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Sunday, May 21, 2006
For Patients with Severe Lung Injury, Less Is More
Study Answers Long-Debated Questions on Fluid Management in Critical Care.
Results from the largest controlled clinical trial of fluid management methods in patients with severe lung injury provide important new information on the risks and benefits of patient care strategies currently used in the intensive care unit. The two studies that comprised the trial showed that for patients with acute lung injury or its more severe form, acute respiratory distress syndrome, less fluid is better than more, and a shorter, less invasive catheter is as helpful as and safer than a longer catheter for monitoring patients. The trial was conducted by scientists from the Acute Respiratory Distress Syndrome Clinical Research Network of the National Heart, Lung, and Blood Institute (NHLBI), part of the National Institutes of Health.
Investigators from the Fluid and Catheter Treatment Trial (FACTT) presented the findings May 21 at the American Thoracic Society (ATS) International Conference in San Diego. The results were also published early online concurrently by the New England Journal of Medicine (NEJM). The study comparing the use of the longer pulmonary artery catheter to the shorter central venous catheter for managing patients will be published in the May 25 print issue of NEJM; the study evaluating fluid management strategies will appear in the June 15 print issue of NEJM.
Acute lung injury (ALI) and Acute Respiratory Distress Syndrome (ARDS) are life-threatening lung conditions that affect more than 190,000 people in the United States each year, based on an estimate published in the October 20, 2005, NEJM. Thirty percent to 60 percent of cases result in death. ALI/ARDS develops in patients who are critically ill with other diseases such as pneumonia or sepsis (severe and widespread bacterial infection), or who have sustained major injuries. Fluid builds up in the lungs, and as a result, breathing is difficult, and other organs such as kidneys, liver, heart or brain fail if they do not get enough oxygen from the blood. There is no specific drug treatment for ALI/ARDS. Patients are placed in the intensive care unit (ICU) and supported with mechanical ventilators (breathing machines) and intravenous fluids such as saline (salt water), blood, or drugs such as dobutamine to improve heart function or diuretics to increase fluid output.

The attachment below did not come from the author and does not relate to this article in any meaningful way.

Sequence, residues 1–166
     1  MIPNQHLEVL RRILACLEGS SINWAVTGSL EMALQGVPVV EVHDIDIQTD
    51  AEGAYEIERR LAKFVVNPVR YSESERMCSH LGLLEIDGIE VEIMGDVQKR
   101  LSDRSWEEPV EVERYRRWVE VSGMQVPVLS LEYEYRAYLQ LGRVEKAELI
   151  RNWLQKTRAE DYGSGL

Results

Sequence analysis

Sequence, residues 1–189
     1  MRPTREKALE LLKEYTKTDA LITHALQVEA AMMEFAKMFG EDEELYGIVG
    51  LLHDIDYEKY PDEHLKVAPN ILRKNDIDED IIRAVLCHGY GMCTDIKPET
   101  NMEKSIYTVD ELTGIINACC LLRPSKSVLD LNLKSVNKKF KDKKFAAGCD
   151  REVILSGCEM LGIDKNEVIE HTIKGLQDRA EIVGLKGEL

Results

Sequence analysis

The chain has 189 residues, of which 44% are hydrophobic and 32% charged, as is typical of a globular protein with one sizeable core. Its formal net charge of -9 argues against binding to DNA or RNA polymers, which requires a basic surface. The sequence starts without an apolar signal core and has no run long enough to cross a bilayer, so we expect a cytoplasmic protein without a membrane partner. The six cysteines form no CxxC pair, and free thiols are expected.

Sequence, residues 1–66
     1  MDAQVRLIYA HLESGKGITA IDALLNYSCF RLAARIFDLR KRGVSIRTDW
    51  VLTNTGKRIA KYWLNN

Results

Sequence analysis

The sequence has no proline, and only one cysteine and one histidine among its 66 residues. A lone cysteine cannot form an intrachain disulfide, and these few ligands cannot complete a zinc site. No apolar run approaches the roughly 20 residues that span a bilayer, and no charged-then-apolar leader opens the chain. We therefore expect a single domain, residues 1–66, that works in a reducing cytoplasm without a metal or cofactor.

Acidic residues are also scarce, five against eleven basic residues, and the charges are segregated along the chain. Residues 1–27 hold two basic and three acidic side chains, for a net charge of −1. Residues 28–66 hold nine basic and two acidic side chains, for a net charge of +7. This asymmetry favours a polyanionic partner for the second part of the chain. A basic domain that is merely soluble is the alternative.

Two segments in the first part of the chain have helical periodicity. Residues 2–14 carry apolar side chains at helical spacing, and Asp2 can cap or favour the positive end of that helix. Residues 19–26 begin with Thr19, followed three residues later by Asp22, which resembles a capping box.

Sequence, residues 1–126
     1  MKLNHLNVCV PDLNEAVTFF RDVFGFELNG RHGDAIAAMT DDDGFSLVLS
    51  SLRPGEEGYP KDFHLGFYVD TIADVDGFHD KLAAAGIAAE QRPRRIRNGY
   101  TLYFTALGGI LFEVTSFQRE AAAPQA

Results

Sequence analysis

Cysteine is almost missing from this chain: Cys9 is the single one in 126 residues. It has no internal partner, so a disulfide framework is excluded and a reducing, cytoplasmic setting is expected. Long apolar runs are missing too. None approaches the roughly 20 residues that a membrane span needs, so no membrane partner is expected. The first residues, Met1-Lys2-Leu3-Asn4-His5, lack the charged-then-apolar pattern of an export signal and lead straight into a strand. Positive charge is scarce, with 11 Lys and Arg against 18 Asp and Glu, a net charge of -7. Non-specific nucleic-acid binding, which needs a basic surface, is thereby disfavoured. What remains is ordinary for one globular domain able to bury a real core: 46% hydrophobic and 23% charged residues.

"A key focus of caring for these critically ill patients is management of fluids," said NHLBI Director Elizabeth G. Nabel, MD. "Fluid management in patients with ALI/ARDS has been the subject of intense debate for decades. We now have answers to two important questions to help guide critical care specialists on the best ways to support patients with severe lung injury."
FACTT was designed to clarify: Is it better to give ALI/ARDS patients more fluids (liberal fluid management) or smaller amounts of fluids (conservative fluid management)? Is a pulmonary artery catheter (PAC) superior to a central venous catheter (CVC) for monitoring these patients? The two studies were conducted simultaneously at 20 clinical centers, with 1,000 participants randomized to receive either of the two fluid management strategies with either of the two catheters.
For the fluid management component of the study, approximately one-half (503) of the participants were assigned to receive a conservative fluid strategy and the other half (497) received liberal fluid management for 7 days. Patients were monitored continuously, and treatment was adjusted according to the study protocol based on the status of key factors measured at least every four hours. Composition of the fluids and treatments for patients in shock were left to the judgment of the physician.
At 60 days, FACTT researchers did not detect a difference in the numbers of deaths between patients receiving conservative fluid management compared to those on a liberal fluid management strategy. However, compared to the liberal fluid management approach, the conservative fluid strategy improved lung function and shortened the time that patients needed mechanical ventilation and intensive care, without increasing the risk of organ failure, the researchers report.
"Based on these results, we recommend that a conservative fluid management approach be used in patients with ALI or ARDS," said Herbert P. Wiedemann, M.D., chairman of the Department of Pulmonary, Allergy and Critical Care Medicine at Cleveland Clinic, and lead author of the fluid management paper. “Less time on the ventilator and fewer days in the ICU could translate into cost savings and lower risk for patients.”